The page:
When the Temper Trap buckled down to write last winter, the Aussie expats knew they'd have to get away from London, their comparatively dour home of the past four years. "We had a little studio room close to where we live," drummer Toby Dundas explains. "But it was cold and we'd gotten comfortable hanging out with the girlfriends, going to the pub every night. We wanted to switch out of our lives for a couple weeks, so we decided Spain was the hottest place we could go that time of year."
"And we were wrong," guitarist Lorenzo Sillitto interjects. They instead arrived to pouring rain, and reports that England was suddenly unseasonably warm. Where, exactly, had they gone? "It was a tiny town an hour outside of Grenada," says singer Dougy Mandagi. "The middle of nowhere. It was called Montefrío." We inform him that in Spanish, that means "cold mountain." They erupt into laughter. "Oh, showing off, eh?" teases Mandagi. "Well, what's 'hot beach,' then? That's where we should go next time."
They did come close in late November, however, when the band decamped to a studio in Los Angeles that's played host to Brian Wilson, the Jackson 5, and the Vines. The guys have been barricaded in at the legendary Sound Factory in Hollywood since, recording their follow-up to 2009's high-flying, U2-evoking debut, Conditions. The band invited SPIN into the control room, where producer Tony Hoffer (Beck, Phoenix, M83) hit play on three new songs.
On "I'm Gonna Wait," glassy atmospheric hum, thick synth lines, and pounding tribal drums create a slowly roiling pot of moody, panoramic indie rock. Mandagi's vocals swirl and swarm like their haunting subject matter ("Your ghost is lingering," he coos), while crisp guitar and a "Wimoweh"-like chant keep spirits from sinking too low. Sitting in the wood and brick-lined den outside, Mandagi cites the influence of Zola Jesus on the song's mood, and Florence + the Machine's thundering percussion.
"Where Do We Go From Here" kicks off with an even beefier bass synth matched by a bout of Bowie-esque belting by Mandagi. Though the song seems inspired by a breakup, it’s a bona fide head-bobber with tons of texture and a huge hook. The melancholy "Trembling Hands" cuts Coldplay-ness with the darker staccato pulse of TV on the Radio. When Mandagi croons for someone to "throw me a line," you half expect the odd collection of plaster animals and action figures — mementos left for Hoffer by other bands — to come to life and lend a hand.
"I got out of a relationship two years ago while in the middle of touring," Mandagi says. "That gave me a lot of ammo, stuff I obviously needed to get out. So I just wrote about that until one day I said, 'Well, I don't have anything more to say about that.' It was my Forrest Gump moment."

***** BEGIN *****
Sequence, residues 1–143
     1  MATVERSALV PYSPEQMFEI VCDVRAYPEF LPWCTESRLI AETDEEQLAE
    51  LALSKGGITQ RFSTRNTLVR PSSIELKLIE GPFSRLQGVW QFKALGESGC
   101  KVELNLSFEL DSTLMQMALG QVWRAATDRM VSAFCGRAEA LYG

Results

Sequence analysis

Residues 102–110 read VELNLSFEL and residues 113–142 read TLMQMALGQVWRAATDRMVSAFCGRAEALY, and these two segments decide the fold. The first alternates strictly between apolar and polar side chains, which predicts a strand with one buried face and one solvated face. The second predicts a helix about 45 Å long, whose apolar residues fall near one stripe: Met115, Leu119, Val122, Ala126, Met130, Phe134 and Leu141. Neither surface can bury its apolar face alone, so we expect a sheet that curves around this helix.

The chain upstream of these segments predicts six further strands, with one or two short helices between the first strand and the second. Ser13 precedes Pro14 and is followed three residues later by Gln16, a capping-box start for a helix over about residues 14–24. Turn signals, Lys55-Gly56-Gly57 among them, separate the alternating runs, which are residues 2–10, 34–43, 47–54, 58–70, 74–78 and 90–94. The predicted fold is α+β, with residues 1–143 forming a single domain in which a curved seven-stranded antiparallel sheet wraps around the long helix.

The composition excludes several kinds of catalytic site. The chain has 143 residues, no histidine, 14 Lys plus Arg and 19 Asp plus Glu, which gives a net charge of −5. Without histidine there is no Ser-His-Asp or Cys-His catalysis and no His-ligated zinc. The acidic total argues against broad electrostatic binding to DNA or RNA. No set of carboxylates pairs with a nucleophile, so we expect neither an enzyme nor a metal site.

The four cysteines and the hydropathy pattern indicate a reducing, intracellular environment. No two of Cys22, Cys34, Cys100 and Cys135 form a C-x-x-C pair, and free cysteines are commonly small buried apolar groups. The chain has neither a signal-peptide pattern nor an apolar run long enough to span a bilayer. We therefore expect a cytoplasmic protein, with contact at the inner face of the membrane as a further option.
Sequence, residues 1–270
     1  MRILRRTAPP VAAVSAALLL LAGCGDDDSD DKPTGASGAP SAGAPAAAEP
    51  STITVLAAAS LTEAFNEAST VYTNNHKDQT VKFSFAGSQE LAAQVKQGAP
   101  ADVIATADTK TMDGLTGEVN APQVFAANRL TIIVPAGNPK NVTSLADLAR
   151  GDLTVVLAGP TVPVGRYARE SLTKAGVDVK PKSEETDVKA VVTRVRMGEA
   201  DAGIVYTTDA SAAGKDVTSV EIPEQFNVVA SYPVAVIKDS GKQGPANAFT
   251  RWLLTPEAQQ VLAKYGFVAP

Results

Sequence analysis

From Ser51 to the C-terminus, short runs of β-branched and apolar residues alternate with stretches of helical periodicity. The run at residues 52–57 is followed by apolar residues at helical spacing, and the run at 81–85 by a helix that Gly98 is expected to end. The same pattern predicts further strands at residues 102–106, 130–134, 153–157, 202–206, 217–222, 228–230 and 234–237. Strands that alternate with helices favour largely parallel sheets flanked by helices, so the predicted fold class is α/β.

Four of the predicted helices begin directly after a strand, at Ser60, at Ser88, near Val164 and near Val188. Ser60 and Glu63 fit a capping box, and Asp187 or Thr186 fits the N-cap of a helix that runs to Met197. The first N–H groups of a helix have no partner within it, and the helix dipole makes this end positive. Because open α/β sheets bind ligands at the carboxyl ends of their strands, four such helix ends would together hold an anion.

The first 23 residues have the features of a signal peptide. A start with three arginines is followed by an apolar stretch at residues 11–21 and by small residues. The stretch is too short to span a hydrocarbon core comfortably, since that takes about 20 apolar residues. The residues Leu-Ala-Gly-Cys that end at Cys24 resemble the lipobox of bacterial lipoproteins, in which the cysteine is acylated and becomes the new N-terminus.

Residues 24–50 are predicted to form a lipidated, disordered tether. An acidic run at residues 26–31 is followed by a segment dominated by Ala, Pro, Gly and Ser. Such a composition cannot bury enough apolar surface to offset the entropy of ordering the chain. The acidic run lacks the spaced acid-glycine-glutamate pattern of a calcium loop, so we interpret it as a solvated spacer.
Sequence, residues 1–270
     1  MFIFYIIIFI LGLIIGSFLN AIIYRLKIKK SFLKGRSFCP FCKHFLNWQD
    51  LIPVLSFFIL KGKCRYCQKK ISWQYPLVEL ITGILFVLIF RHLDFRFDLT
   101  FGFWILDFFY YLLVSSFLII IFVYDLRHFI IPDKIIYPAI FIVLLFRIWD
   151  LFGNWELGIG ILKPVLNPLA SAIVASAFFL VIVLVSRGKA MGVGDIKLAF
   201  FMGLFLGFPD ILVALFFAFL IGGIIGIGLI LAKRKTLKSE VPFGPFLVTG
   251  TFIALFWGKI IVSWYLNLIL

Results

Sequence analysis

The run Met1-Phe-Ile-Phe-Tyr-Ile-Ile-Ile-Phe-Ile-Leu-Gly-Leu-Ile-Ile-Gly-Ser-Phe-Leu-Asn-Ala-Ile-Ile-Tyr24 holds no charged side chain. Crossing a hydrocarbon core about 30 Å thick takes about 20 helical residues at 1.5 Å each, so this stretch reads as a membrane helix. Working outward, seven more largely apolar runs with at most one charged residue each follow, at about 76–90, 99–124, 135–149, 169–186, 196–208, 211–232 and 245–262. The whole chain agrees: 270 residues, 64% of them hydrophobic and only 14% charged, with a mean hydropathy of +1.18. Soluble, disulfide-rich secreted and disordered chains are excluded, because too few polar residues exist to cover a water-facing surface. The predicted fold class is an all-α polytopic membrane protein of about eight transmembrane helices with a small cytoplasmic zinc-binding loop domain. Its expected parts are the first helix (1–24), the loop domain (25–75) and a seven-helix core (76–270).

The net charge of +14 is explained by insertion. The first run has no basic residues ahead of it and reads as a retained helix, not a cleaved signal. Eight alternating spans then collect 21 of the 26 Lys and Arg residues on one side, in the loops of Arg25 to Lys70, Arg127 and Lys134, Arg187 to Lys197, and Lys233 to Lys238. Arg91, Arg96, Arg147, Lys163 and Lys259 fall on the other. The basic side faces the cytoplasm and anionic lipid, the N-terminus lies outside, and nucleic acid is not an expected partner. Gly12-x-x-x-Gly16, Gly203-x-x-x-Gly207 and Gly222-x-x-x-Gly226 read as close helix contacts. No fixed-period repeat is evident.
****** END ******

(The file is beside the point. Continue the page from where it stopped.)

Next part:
The still untitled album will also feature a song inspired by the last fall’s riots in England, which the fivesome experienced firsthand. "We'd finished up at our London studio for the day and it was about five o'clock," says Silletto. "That's when all the shit was starting to go down. I remember the eerie feeling of walking back to my apartment. The street was dead. Everything was shuttered up. There was no one around." Bassist Jonathon Aherne picks up the thread: "I went to the pub down the street from us and it was all boarded up — light outside but dark inside, with just candles. Helicopters circling. It felt like we were in the middle of a war."
Their time spent in L.A. has been far sweeter. "We got on so well at first it seemed too good to be true,” Aherne says of working with Hoffer. “We wondered if there'd be bickering and fights, hair getting pulled out." Mostly, Hoffer pushed them to sound "more modern," and helped by offering up a synthesizer for every occasion.
A more subtle influence has been that hard-fought warm weather the Temper Trap had been looking for so desperately. The guys recently bombed the steep hills surrounding the city's iconic observatory on their skateboards, and are planning a trip to Disneyland before they head home. The NME predicted that this'd be an album full of "dark electro" (wrong, we're happy to report; they've hired a choir for parts, and the song about the riots features some vintage "Clash skank" on it), but it seems there's a particular warmth to this batch of songs. "When I hear [certain tracks] coming out in speakers,” Silletto says, “they just sound like they're made in America. It's almost like there's been a little bit of sunshine put onto everything.”
Photos by Robin Laananen